What makes markdown so powerful is that all of your analyses and results are contained within a single text file. It's not proprietary in any way, and virtually any computer can read the file. That makes data science with R easily reproducible, which is the ability for another analyst with the same data to draw the same conclusions as you using the same type of analysis (and ideally code).

Ok, lets start by getting data into R. There are a lot of ways to do this, but I'm going to focus on loading data from .csv files, which is a common data format.

You're going to tell R to load a package (the one we installed earlier), and then using a function called read_csv R will go to my website, pull down the data, and store it in something called a data frame, which we are calling IQ.df.

IQ.df <- read_csv("")

With statistics, we’re trying to make sense of what has happened (descriptive) in order to make a reasonably accurate guess of what will happen (prescriptive).

Statistical analysis is ALWAYS retrospective. We can’t analyze anything until AFTER it’s happened.

So if our goal is to make a good guess at what will happen—to understand that if X occurs or changes Y occurs or changes—we need to have a good handle on causal inference.

Necessary & Sufficient Conditions For Causality…

\(X —> Y\)

  • Temporal sequencing (X happens before Y)

  • The relationship must not be spurious (the effect of X on Y could not have occurred by random chance)

  • There must be no other possible explanations (there isn’t another factor, Z, influencing the X —> Y relationship)

So, how likely is it that in the real world we’ll be able to satisfy all of those conditions?

Outside of experimental physics (and even then, there is error), it’s basically impossible to establish true, unequivocal, causal relationships.

So, the method we use to go about our research and analyses matters to maximizing what causal understanding what may infer.

Causal inference is our ability to make a confident—but not perfect—statement of causality.

Why does causal inference matter? Lets go back to our data and take a look. Remember with markdown, anytime you want to write some code, you need to put it in a chunk (Code –> Insert Chunk). Your markdown document can have as many chunks as you want.

head(IQ.df, 5)
## # A tibble: 5 x 2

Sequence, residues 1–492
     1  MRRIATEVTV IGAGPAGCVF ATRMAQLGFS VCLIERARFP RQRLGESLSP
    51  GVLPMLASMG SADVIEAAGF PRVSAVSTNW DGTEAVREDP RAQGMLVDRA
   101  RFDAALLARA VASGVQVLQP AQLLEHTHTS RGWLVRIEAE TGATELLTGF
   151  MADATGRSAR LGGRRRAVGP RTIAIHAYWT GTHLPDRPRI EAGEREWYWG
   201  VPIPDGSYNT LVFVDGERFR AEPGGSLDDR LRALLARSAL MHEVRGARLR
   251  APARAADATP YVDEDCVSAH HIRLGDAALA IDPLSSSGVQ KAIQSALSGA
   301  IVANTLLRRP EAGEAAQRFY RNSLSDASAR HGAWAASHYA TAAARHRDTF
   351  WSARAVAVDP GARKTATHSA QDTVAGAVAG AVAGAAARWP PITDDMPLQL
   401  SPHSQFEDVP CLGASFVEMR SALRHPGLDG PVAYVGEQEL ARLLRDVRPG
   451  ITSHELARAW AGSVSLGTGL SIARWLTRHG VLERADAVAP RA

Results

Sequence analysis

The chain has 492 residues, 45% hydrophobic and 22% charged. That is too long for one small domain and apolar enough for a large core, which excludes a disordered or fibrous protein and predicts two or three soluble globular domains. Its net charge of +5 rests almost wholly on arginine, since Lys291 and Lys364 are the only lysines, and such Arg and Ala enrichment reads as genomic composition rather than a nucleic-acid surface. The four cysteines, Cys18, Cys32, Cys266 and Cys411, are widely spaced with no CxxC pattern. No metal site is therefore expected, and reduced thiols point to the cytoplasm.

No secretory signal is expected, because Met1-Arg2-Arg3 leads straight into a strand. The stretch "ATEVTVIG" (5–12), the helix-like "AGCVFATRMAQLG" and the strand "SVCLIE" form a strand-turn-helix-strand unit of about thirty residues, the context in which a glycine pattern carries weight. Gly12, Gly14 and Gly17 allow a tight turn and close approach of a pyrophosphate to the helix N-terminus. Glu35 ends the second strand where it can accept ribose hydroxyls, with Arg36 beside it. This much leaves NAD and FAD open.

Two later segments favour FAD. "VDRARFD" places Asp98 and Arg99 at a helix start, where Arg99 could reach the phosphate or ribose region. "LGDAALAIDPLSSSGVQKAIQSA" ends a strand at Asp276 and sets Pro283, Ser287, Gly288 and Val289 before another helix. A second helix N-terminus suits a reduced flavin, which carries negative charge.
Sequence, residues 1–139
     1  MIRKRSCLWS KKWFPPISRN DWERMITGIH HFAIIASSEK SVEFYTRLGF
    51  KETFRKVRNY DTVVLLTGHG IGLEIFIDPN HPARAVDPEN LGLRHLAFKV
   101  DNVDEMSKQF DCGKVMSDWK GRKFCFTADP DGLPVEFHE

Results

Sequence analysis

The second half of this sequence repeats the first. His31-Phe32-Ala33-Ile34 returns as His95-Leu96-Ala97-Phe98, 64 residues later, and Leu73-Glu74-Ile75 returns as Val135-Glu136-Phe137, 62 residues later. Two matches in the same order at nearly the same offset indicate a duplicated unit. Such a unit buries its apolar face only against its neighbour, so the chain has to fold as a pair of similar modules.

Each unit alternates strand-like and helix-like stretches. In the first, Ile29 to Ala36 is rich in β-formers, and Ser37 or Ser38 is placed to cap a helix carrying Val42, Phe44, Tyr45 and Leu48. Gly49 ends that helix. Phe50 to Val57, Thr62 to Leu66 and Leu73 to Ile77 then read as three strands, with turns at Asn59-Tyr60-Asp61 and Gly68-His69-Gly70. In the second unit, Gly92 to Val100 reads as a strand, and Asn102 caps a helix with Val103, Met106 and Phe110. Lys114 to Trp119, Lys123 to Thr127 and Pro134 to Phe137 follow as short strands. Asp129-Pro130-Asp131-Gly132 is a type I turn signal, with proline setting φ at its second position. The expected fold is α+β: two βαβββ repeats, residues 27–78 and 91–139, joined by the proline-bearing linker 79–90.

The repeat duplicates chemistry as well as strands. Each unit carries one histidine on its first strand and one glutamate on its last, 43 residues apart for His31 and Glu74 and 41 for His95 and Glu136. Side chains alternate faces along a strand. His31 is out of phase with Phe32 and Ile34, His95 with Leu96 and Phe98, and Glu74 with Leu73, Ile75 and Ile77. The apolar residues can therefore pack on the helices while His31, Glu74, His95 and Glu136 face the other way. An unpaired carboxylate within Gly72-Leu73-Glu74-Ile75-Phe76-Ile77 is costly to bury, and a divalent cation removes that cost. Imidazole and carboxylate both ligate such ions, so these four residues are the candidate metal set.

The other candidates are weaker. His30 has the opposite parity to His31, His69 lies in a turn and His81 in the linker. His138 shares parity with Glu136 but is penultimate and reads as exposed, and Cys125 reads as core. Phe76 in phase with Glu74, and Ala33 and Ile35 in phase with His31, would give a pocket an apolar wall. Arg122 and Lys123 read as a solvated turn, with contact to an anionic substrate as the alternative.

##      II    IQ
##   <int> <int>
## 1    52    97
## 2    64    79
## 3    39   103
## 4    64   108
## 5    50   123

Wow. Conservatives are smarter than liberals.

apa.cor.table(IQ.df, show.conf.interval = FALSE)
## Means, standard deviations, and correlations
##   Variable M      SD    1    
##   1. II    50.01  10.00      
##   2. IQ    100.00 15.00 .24**
## Note. * indicates p < .05; ** indicates p < .01.
## M and SD are used to represent mean and standard deviation, respectively.

Lets look at a picture.

Pictures don’t lie.

x <- IQ.df$IQ
y <- IQ.df$II
plot(x, y, xlab = "IQ", ylab = "Ideological Identification [100 = Max Conservative]",
     main = "Conservatives Are Smarter Than Liberals [N = 5,162]")
abline(lm(y~x), col="red")

When you saw the statistic and saw the graph for the first time, what was your reaction?

This is a rhetorical question, by the way.

Even trained scientists see the data in a way that tends to match his or her worldview.

We are human after all. Promise.

The scientific method exists to help protect us from our own biases.

We use the scientific method to help us find the "objective" truth, whether we like it or not.

Sorry to disappoint—or fear not—depending on your perspective.

I made that dataset up. It’s completely fake, promise.

I have no idea what the relationship is between political ideology and IQ. I do, of course, have my own opinion (but you’ll never know!).

The point is that whether you are running physics experiments or marketing experiments, understanding the scientific method and what it means for data science makes you a powerful tool.

The critical skill isn't the ability to write code. The critical skills are the ability to…

  • Understand how to ask insightful—and valuable—questions

  • How to collect data that helps to answer those questions

  • How to analyze that data to derive the most meaningful answer

  • How to communicate that answer to influence and shape decision making

Anybody can write code (seriously). How you add value is by being a data scientist, not by being a programmer.

We are going to talk a lot about the assumptions made by the analyses you run, by the measures you are using, and by the way the data was collected.

My goal isn't to make you rock-star programmers and stats-nerds, it's to build your ability to think statistically. To understand the strengths and limitations of data science.

So what is the single most valuable skill for a data scientist?


Ok, let me answer what questions you have about R…

Lets take a look at tonight's homework:

Send me your markdown file by 9:00AM Wednesday morning. Earlier though is better.


What's next?

  • Next Class: Wednesday, 23 August — Using data to tell a story
  • Deliverables: Homework 1, Due 9:00AM Wednesday